The targets of the attack in Lahore were Christians, but most of the victims were Muslim. People will start fleeing Pakistan again, too, if they risk death even at a children's playground, says DW's Florian Weigand.
Seen from the cynical perspective of the assassins, the attack in Lahore was an embarrassment. When they targeted an amusement park in Pakistan's second-largest city, they aimed to strike the Christian community on a day of great symbolic significance: Easter Sunday. One day later, our DW correspondent at the scene reports more than 70 people dead: among these are at least 26 children, and - from the assassins' point of view - too few Christians.
The Lahore attackers' claim that they had targeted Christians is a perfidious public relations maneuver. The Taliban splinter group had good reason to hope that they would receive maximum attention around the world - especially in the Christian-orientated West. However, the attack has demonstrated once again that, whatever aims the Islamists pursue, the majority of the victims are Muslim, be it in Syria, in Iraq, in Africa, Indonesia, or in the perennial hotspots of Afghanistan and Pakistan.
Pakistan really cannot be said to have a very secular legislation. Blasphemy is still a crime punishable by death. Many Pakistanis are religious Muslims who also think it right that public life, too, is aligned with the principles found in the Koran. However, it is also just as much a reality that Christian "convent" schools are favored educational establishments for the children of the Muslim elite. The level of education in these schools is indisputably high. That too is an aspect of this country, whose social complexity cannot be described in a few short sentences.
Banishing the demons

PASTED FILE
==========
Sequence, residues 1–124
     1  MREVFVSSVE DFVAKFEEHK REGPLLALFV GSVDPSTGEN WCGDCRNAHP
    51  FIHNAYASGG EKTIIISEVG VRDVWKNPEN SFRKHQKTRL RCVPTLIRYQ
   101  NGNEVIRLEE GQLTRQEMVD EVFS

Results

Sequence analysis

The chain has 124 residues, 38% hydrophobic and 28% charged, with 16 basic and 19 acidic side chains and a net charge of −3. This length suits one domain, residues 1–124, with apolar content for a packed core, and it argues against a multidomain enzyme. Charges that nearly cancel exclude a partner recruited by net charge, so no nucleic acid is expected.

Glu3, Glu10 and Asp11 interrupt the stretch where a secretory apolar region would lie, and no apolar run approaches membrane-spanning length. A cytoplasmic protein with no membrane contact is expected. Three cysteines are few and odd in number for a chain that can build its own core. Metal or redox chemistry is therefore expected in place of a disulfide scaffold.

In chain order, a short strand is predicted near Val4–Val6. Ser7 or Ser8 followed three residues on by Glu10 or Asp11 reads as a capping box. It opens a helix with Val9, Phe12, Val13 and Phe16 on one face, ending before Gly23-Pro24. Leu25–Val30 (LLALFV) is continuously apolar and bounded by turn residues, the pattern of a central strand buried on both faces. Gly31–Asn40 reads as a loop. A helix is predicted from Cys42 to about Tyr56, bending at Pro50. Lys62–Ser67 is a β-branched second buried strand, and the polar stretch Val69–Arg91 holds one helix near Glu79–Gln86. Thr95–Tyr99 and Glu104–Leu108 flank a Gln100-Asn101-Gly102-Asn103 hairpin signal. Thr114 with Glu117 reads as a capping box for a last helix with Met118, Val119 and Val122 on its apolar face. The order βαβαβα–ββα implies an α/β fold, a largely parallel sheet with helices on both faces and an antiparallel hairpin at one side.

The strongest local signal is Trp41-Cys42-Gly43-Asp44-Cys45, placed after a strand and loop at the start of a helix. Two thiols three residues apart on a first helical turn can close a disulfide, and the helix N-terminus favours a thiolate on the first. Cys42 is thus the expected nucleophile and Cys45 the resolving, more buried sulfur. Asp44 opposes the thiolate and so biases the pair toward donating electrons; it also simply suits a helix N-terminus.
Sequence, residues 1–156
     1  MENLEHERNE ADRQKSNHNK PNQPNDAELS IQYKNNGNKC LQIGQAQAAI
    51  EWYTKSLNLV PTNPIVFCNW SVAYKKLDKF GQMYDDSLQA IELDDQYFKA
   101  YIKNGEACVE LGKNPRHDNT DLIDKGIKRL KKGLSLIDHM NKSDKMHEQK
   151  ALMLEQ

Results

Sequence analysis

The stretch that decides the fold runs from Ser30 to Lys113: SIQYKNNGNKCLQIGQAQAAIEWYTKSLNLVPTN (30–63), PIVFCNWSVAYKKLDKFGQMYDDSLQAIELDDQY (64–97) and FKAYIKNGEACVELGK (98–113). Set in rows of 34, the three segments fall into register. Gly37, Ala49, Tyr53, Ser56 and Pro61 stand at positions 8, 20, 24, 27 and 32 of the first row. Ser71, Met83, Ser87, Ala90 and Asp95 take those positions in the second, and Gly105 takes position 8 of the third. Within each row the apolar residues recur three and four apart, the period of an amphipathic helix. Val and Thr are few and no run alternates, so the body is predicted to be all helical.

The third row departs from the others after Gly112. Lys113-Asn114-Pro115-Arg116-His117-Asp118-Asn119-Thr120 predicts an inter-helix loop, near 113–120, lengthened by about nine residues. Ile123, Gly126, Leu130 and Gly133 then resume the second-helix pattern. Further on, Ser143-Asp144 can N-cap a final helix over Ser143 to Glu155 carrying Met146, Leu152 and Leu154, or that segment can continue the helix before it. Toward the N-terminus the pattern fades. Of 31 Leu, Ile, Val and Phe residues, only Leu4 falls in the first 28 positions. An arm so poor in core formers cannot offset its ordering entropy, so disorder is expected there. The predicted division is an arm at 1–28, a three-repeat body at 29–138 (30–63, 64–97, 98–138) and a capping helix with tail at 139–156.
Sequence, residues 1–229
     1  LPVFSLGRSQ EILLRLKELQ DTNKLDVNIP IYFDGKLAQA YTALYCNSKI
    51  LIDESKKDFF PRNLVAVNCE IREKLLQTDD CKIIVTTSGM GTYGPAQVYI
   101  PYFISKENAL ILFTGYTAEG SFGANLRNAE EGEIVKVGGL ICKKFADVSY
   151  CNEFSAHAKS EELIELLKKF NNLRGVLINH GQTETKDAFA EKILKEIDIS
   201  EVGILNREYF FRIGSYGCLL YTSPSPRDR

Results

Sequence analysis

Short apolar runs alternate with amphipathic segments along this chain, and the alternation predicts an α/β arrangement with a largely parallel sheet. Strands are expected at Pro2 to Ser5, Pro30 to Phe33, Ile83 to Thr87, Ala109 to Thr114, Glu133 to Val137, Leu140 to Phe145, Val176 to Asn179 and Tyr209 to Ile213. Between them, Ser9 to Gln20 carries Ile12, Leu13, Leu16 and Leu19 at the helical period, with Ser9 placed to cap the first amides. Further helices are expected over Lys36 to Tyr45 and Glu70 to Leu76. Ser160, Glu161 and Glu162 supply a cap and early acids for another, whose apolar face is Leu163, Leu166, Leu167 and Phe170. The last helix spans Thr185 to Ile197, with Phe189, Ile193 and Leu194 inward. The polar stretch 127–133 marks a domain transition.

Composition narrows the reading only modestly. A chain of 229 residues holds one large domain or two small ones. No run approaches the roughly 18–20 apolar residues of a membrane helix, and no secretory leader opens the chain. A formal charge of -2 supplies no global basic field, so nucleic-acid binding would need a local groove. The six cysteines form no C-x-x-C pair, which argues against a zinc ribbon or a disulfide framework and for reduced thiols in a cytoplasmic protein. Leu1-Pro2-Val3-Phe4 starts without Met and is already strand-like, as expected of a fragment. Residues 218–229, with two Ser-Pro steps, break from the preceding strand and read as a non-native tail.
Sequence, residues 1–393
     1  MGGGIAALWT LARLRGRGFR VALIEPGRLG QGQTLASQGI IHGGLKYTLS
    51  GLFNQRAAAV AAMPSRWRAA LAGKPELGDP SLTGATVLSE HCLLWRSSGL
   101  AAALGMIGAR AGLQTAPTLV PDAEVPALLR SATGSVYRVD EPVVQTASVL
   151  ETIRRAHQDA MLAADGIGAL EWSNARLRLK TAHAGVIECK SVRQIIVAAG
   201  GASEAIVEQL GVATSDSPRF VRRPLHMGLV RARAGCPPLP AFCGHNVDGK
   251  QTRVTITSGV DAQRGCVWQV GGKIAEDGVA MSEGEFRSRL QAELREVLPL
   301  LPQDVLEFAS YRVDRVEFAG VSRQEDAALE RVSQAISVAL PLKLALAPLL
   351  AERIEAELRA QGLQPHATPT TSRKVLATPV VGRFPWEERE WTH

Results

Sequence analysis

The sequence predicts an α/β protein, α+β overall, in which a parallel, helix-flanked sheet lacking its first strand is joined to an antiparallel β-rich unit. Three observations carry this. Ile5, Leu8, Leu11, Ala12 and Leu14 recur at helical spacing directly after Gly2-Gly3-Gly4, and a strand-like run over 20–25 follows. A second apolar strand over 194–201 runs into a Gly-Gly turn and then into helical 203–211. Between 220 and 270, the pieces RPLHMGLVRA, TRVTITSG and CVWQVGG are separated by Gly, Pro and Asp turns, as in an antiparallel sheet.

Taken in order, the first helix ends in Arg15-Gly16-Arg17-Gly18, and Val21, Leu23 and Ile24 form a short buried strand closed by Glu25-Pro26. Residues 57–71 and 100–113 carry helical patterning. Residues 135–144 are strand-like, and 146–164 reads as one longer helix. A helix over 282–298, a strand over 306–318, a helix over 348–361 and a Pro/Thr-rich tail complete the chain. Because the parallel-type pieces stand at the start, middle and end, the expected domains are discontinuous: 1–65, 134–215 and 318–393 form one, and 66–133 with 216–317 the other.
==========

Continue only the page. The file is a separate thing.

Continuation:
Anyone looking at social media in the aftermath of the attacks will find there, above all, consternation. A young Muslim woman from Islamabad, for example, writes that all people are her brothers; another quotes the Prophet Mohammed, saying that he would condemn these atrocities as un-Islamic. At the same time, however, a fateful current of radical Islamism - long fueled by the government and the secret services - is flourishing in the country as a compliant instrument for use against its neighbor Afghanistan. Initially, it was even supported by the United States: in the 1980s, when Afghanistan was communist, and any means of combating the former Soviet Union was deemed acceptable. The US summoned these demons, and now it cannot banish them again. There have already been several military offensives in recent years, but attacks tended to increase rather than diminish.
It is to be expected that more and more people will leave Pakistan, as well, and try their luck abroad. The fortunate ones are those who can count on getting one of the many available scholarships, or a good job offer from the Emirates or in Europe. The privileged elite already takes full advantage of these. The less privileged will be weighing up whether even a camp like the one in Idomeni may be a better alternative to a country where even a family outing to an amusement park carries the risk of death.
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